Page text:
Hasbro and Wordscraper spells F-A-I-L

You have to hand it to Rajat and Jayant Agarwalla, the two East Indian brothers who came up with the Facebook game Scrabulous — the fairly obvious ripoff… er, tribute to the Hasbro-owned board game Scrabble. After reportedly failing to arrive at an agreement that would see Scrabulous transferred to Hasbro’s control, the game company launched its own official Facebook game and then sued the brothers for trademark infringement. So what did the brothers do? Last night, they launched a very similar game called Wordscraper (Mashable was the first to spot the new game, and posted about it on Twitter).

So what does Hasbro do now? It’s not clear that the new game trespasses on anything legally protected. It doesn’t have a similar name, the board looks different and there are some different rules. Obviously, the concept of spelling out words and earning points is the same, but that’s not the kind of thing that trademark or copyright law is designed to protect. As a patent and trademark lawyer explained to Caroline McCarthy of CNET’s The Social, the idea of a game can’t be legally owned — only the real-world expression of that idea.

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Was Hasbro right to kill Scrabulous?

So the hammer has finally come down on Scrabulous, the Facebook game developed by two Indian brothers that become a viral hit only to be sued by Hasbro, which owns the licensing rights to the Scrabble board game. Trying to play the game now brings up an error message saying it is unavailable to U.S. or Canadian residents. Electronic Arts, meanwhile — which licenses the rights from Hasbro — has launched its own official version of the game on Facebook, although whether people will make the switch to the new version or not remains to be seen.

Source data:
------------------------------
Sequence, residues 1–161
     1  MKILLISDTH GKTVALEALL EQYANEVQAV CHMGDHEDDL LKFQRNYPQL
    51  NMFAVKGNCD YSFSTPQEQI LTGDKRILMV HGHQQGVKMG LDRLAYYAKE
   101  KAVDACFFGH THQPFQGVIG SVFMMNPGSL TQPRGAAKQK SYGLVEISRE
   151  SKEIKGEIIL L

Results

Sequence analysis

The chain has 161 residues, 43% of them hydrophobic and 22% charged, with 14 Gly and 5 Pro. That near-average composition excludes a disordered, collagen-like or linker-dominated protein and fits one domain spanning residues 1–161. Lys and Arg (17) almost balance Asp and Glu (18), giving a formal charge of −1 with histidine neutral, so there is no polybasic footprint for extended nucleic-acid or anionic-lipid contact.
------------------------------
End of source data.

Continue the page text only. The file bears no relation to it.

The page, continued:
I’ve been kind of fascinated by this case ever since it first appeared. Not just because Scrabulous became so popular so quickly, but also because it seemed to boost interest in the actual board game itself, with stories of people addicted to the Facebook game going out and buying real-world copies for the first time. My first reaction was to cheer for Scrabulous, and wonder why Hasbro or EA didn’t just buy the app from the Agarwalla brothers and take advantage of all the free marketing their game was getting through Facebook. Mashable makes the same point here.

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